I have read this quote by Ruth Hurmence Green many times, shared with fervor among atheists:

"When Religion ruled the world it was know as the Dark Ages"

Ruth Hurmence Green gained notability within the atheist community with the publication of her book "The Born Again Skeptic’s Guide to the Bible" in 1979. This book has since been the best selling publication from the Freedom From Religion Foundation. Green underwent a radical mastectomy in 1960. She was treated for skin cancer several years later and in 1975 was diagnosed with throat cancer. It was during recovery from her first round of cancer treatments during the early 70s that Ruth, “a half-hearted Methodist” decided to read the Bible cover to cover. This project took two years and made her a confirmed atheist. When the throat cancer returned several years later in 1981 she kept the diagnosis to herself, knowing that this time the disease would be terminal. On July 7, 1981 Green ingested a fatal dose of painkillers. In her last letter to friend Annie Laurie Gaylor, dated July 4, 1981 Green wrote, "Freedom from religion must grow and prosper... freedom depends upon freethinkers."

The quote is a clever sound bite, witty, memorable and seems to be fairly popular among atheists. But is it true?

Both our technological and our scientific movements got their start, acquired their character, and achieved world dominance in the Middle Ages, largely from Christian thinkers and visionaries. The consistency with which scientists during the long formative centuries of Western science said that the task and the reward of the scientist was “to think God’s thoughts after him” leads one to believe that this was their real motivation. If so, then modern Western science was cast in a matrix of Christian theology. The dynamism of religious devotion shaped by the Judeo-Christian dogma of creation, gave it impetus. Interestingly the end result of the long gestation period of Christian ‘dominance’ during the Dark Ages was the birth of science, the scepter that the atheists now hold high as the predominant meaning of their existence.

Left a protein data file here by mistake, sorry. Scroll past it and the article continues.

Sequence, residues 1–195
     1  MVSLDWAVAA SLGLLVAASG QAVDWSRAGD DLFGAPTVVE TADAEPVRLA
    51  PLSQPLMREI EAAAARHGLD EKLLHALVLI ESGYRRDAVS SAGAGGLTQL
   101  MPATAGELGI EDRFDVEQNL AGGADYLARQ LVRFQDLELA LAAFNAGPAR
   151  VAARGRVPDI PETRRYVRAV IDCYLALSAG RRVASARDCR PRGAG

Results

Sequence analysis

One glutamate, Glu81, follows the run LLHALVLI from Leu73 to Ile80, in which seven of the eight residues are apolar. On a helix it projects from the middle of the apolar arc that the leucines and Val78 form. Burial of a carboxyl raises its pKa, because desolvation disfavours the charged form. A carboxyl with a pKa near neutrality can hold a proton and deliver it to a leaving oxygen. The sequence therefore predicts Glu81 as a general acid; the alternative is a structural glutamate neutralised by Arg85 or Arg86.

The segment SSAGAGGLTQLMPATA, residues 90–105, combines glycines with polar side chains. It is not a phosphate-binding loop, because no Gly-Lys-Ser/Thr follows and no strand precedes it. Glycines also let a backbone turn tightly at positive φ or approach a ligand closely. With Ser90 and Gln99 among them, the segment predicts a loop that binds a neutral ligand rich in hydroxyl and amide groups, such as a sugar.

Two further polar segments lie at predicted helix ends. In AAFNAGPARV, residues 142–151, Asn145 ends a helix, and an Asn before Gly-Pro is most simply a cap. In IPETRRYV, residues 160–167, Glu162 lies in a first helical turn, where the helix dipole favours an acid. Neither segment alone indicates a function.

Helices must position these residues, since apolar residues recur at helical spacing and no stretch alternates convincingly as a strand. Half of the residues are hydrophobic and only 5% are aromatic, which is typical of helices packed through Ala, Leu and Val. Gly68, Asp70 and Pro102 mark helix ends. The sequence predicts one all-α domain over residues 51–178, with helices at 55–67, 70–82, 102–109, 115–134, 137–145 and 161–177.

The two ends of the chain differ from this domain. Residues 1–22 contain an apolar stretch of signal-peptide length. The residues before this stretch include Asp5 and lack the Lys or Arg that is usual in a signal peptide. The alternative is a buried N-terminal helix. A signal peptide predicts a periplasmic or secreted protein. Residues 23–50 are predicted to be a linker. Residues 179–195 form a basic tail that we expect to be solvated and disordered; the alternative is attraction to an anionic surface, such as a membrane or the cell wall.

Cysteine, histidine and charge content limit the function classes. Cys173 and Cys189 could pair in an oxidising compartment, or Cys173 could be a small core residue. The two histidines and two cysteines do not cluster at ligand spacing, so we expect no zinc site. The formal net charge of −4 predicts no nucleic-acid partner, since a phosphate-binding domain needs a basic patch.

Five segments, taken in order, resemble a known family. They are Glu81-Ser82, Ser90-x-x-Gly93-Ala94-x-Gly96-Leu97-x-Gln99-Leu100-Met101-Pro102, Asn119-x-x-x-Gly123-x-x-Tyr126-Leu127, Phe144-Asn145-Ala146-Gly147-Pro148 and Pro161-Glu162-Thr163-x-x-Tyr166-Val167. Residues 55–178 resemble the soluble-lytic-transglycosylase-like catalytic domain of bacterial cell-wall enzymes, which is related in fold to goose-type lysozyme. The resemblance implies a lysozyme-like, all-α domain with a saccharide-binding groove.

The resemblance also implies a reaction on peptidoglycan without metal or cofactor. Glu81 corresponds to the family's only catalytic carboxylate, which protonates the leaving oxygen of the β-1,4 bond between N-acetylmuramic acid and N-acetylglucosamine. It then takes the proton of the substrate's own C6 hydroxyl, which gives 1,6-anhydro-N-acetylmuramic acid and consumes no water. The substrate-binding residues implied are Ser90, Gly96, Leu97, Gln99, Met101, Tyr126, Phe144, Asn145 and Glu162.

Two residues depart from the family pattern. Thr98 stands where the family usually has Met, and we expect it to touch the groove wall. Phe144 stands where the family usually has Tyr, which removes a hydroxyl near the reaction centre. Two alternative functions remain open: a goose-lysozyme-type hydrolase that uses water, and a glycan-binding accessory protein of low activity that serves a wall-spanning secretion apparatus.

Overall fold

Therefore the ‘Dark Ages’ were not really that dark after all. Rather than religion being the cause of stagnation, barbarism and regress, it was Christianity throughout these ‘Dark Ages’ which gave the intellectual impetus and foundation to enormously successful progress, technological advance and modern science. Just the historical facts